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Editing Text with Lightweight Structure
Lightweight Structure is the ability to recognize
text structure automatically, using an extensible library
of patterns and parsers. Structure can be detected in
lots of ways: grammars (e.g. Java or HTML), regular expressions,
even manual selections by the user. With lightweight structure,
it doesn't matter how the structure was detected--whether
by a regular expression, or by a grammar, or by a hand-coded
parser. All that matters is the result: a region
set, which is a set of intervals in the text.
LAPIS is an experimental web browser
and text editor that demonstrates how lightweight structure can be
useful. Its most novel and interesting features are:
- Text constraints, a new pattern language
that lets you write simple but powerful patterns using
lightweight structure. For example:
This pattern uses lots of lightweight structure.
Java syntax is detected by a Java parser
and lines are found by a regular expression,
but these facts are irrelevant to the pattern. Text
constraints are used throughout LAPIS:
to make multiple selections for editing, to give arguments
to commands, to give feedback for inference, and
to add more lightweight structure to the structure
first Line in Java.Comment just before Java.Method
- Simultaneous editing, a technique
for doing repetitive text edits by controlling multiple
cursors. Lightweight structure is used to make inference
faster, more accurate, and more high-level. When
you select a Java expression, the system can infer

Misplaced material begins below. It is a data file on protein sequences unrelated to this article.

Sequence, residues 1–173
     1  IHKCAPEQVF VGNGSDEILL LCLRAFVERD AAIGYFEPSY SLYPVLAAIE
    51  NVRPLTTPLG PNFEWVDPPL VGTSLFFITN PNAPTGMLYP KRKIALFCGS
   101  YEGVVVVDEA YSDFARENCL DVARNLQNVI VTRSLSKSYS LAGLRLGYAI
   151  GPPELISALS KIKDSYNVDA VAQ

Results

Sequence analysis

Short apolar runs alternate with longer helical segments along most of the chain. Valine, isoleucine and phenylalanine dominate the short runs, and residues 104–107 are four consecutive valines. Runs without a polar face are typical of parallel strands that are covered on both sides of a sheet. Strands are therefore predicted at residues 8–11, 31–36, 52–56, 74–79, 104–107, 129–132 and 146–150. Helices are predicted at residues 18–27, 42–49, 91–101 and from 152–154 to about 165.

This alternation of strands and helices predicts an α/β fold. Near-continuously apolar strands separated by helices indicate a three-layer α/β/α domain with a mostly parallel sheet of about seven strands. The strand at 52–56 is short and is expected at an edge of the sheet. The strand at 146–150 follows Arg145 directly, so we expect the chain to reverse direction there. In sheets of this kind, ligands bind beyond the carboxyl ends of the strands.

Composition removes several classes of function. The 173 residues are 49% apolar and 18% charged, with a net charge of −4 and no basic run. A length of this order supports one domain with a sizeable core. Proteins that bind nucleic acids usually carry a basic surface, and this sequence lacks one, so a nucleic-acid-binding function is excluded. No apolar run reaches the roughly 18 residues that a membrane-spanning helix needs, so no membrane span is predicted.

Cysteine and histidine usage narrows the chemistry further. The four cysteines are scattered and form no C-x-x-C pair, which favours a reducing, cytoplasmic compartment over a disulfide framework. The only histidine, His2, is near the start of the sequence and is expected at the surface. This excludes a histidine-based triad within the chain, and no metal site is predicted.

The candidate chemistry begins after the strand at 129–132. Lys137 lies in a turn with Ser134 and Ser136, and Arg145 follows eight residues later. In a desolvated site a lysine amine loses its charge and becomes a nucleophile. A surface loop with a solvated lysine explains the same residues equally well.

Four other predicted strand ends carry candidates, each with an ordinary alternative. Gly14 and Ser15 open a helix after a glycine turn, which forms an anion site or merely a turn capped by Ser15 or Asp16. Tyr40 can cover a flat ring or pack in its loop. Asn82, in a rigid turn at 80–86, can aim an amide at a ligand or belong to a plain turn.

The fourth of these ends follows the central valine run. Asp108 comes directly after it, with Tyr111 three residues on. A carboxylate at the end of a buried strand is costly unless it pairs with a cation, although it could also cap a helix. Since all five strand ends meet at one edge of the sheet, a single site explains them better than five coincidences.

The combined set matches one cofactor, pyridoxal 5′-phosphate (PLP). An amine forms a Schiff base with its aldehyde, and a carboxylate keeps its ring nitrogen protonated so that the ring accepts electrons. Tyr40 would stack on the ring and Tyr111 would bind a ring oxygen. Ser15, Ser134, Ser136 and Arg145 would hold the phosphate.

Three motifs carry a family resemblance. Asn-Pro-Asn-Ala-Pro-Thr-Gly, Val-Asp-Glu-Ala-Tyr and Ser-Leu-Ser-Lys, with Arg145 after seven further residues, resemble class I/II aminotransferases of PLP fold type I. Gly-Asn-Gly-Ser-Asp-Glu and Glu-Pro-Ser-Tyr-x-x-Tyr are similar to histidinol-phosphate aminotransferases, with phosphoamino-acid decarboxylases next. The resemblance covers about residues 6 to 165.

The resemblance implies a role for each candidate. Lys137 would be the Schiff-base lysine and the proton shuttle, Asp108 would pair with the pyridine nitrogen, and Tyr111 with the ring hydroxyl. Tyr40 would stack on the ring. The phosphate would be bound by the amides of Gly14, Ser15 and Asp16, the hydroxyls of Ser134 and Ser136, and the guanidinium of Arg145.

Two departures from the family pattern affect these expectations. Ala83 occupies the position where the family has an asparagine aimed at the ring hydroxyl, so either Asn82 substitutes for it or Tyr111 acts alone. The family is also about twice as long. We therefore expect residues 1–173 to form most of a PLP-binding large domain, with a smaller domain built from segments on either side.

"Java.Expression" -- not because the inference engine
knows anything about Java syntax, but only because the library
contains a Java parser that spits out region sets.
- Outlier finding, a technique for catching
errors in user-written patterns and inferred
patterns. Unusual pattern matches are highlighted
as possible errors. Lightweight structure
- Structured text tools that operate
on region sets. Think "Unix tools for structured
text." Where grep and sort manipulate lines, however,
the LAPIS tools can operate on
any region set. With lightweight structure, that
means you can sort words, filter HTML table rows, and count
Java statements, all with the same general set of tools.
- A browser shell, a command shell built
into a web browser. You can invoke Tcl commands
and external programs and see their results displayed
in the browser. The browser shell is useful for building
command pipelines and automating web browsing. Lightweight
structure contributes here by making it easy to write
patterns that match parts of web pages.
A screenshot of LAPIS is shown below. Click
to magnify it.
This research couldn't have been done without USENIX
Student Research Grants.
Many thanks to all the people who have contributed
to the development of LAPIS with
ideas, code, or their precious time: Brad Myers, Laura
Cassenti, John Pane, Dorothy Zabrowski, Brice Cassenti,
Jean Cassenti, Dan Cassenti, Yuzo Fujishima, Rich Clingman,
Monty Zukowski, Julián Jesús Martínez
López, John Padula, Franklin Chen, Brian Kernighan,
David Garlan, Jim Morris, Chris Long, and John Gersh.
Go to the LAPIS home page.
Send comments or questions to Rob Miller, (firstname.lastname@example.org)
Copyright©2003 - Massachusetts Institute of Technology. All Rights